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[Sudden Light] Competitive Narrative Complications

Started by Paul S, June 21, 2006, 09:42:51 PM

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Paul S

Today, in my improv. class we worked with a few exercises concerning narrative.  For our first exercise, one writer identified three themes or actions relevant to the story they were working on.  They presented these actions or themes to the group without elaboration.  Another writer then took these themes and/or actions and incorporated them into a tale.

I was surprised as to the quality of the stories that emerged from such bare-bones narrative elements.  Each player began from radically different positions and bent their narratives and the conditions to creatively hit each theme or action from radically different angles.  There was a great vibe of creative competition, each writer incorporating the baseline expectations through different frameworks

I also observed how many players "bent" the offers in mischievous ways that fulfilled the letter of the conditions, but altered their trajectories in order to tell the tale they wanted.  Obviousness for fulfilling the conditions was anathema, and many players took the required narrative elements has challenges for creativity.  For instance, in my tale, the writer's condition that I was working with was that the main character "took a girl home."  Other players had been making the main character out to be quite a sleazy guy and had framed this particular element as a sexual encounter.  To show a different possibility of the character, in my mind, I framed the main character as a kind-hearted do-gooder who found a 12-year old girl lost on the street and concerned, took her home to make sure nothing happed to her while he called the authorities.  I hit the literal condition of the main character "taking a girl home," while bending the narrative to figure an alternative vision of the main character.  Other actors did with same with other conditions for other stories as well, taking these three elements as challenges and happily re-interpreting them to fit their narrative vision.
This exercise inspires some thoughts for game mechanics in my mind.  My game in progress, Sudden Light, is structured around two GM's in competition, as sort of an angel and devil on shoulder of the Protagonist.  Each GM alternates framing scenes.  As I've conceived of it, the GM who frames the scene has the most narrative control and interacts almost exclusively with the player of the Protagonist.  However, given the exercise above, I think it might be useful to allow the Passive GM an opportunity to set conditions for the Active GM to "hit" during scene.  I'll call these introduced conditions Complications.

   After the Active Guide (my name for the traditional GM role) has framed the scene, the Passive Guide may bid 5 Influence Tokens to introduce a Complication.  The Passive Guide must identify a theme or action for the Active Guide to weave into the narrative of the scene.  The introduced Complication must be possible for the Protagonist to experience, must not break setting conditions previously established by the Truth, the Lie, and the Machine (for example, it would be impossible for a Guide to hit the action "repair a space station" in a game set in 16th Century Germany), and it must be possible for the Complication to occur within the bounds of the framed scene.  If the Active Guide challenges the possibility of incorporating the Complication into the scene, the Protagonist player may accept or reject the Complication.  If the Protagonist player rejects the Complication, the Passive Guide loses all bid Influence Tokens.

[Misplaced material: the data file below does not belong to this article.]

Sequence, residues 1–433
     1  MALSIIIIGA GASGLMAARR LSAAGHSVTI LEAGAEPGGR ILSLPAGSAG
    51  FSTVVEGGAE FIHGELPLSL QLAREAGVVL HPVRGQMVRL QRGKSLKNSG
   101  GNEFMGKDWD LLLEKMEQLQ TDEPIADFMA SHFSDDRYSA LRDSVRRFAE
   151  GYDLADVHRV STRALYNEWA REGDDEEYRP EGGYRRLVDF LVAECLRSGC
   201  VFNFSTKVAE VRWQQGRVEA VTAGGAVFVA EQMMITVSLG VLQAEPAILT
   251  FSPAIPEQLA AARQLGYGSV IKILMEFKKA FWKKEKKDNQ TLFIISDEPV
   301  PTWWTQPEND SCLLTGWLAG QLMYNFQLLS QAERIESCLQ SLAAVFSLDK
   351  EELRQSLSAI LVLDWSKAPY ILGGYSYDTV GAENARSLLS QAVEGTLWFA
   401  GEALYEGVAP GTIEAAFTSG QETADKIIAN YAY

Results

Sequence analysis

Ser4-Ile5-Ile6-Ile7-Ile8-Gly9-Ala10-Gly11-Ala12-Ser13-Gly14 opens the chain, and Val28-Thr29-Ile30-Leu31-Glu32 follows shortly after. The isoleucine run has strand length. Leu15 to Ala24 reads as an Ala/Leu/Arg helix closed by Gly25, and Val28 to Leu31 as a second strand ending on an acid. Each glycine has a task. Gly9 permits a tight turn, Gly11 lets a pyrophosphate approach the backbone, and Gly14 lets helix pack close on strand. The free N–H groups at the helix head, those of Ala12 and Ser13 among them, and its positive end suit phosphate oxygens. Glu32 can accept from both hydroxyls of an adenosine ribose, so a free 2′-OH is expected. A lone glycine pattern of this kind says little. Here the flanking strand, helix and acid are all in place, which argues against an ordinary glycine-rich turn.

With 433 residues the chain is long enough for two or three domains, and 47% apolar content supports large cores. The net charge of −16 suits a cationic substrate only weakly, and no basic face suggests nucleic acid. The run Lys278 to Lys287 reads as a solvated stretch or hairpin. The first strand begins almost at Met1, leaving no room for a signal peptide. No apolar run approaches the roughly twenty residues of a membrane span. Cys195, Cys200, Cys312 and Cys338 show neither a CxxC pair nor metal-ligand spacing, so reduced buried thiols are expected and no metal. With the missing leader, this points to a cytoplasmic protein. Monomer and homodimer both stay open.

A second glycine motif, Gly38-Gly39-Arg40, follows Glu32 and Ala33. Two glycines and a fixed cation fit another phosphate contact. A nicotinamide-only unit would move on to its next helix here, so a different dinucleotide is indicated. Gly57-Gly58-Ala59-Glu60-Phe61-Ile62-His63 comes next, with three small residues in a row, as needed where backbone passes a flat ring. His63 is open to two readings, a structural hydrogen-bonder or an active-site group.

If the Active Guide and the Protagonist player accepts the Complication, the scene plays out as normal.  If the Active Guide is able to incorporate the theme or action of the Complication into the scene (the Protagonist player determines if and when this has occurred),  the Active Guide gains a number of Influence tokens equal to the sum of any two of the Guide's Aspects.  If the Active Guide fulfills the conditions of the Complication in a way judged by the Protagonist to be especially cleaver or inventive, the Active Guide may raise any the rating of one Aspects by 1 point for free, so long as the Active Guide can explain how fulfilling the Complication caused the Protagonist to care more deeply for the raised Aspect.

If the Active Player cannot or does not incorporate the Complication before the end of the scene, the Passive Guide gains a number of Influence of tokens equal to the sum of all her Aspect ratings.

The Active Guide may fulfill the conditions in resolving narration of a successful conflict.  Fulfilling the conditions of Complication this way gains the Active Guide a number of Influence Tokens equal to one Aspect rating.  The Active Guide may never automatically raise an Aspect rating through this method.


Questions for Consideration:  Without knowing the basic mechanics (I'm still polishing them up a bit before I post them), does the concept of introducing narrative conditions to be achieved during scenes make sense?  What other games might have a similar system and how did they work in actual play?  If a player who is in competition with the other player assigns these Complications might this system be open to abuse?  Do you see any glaring problems with this basic system or what tweaks might you suggest?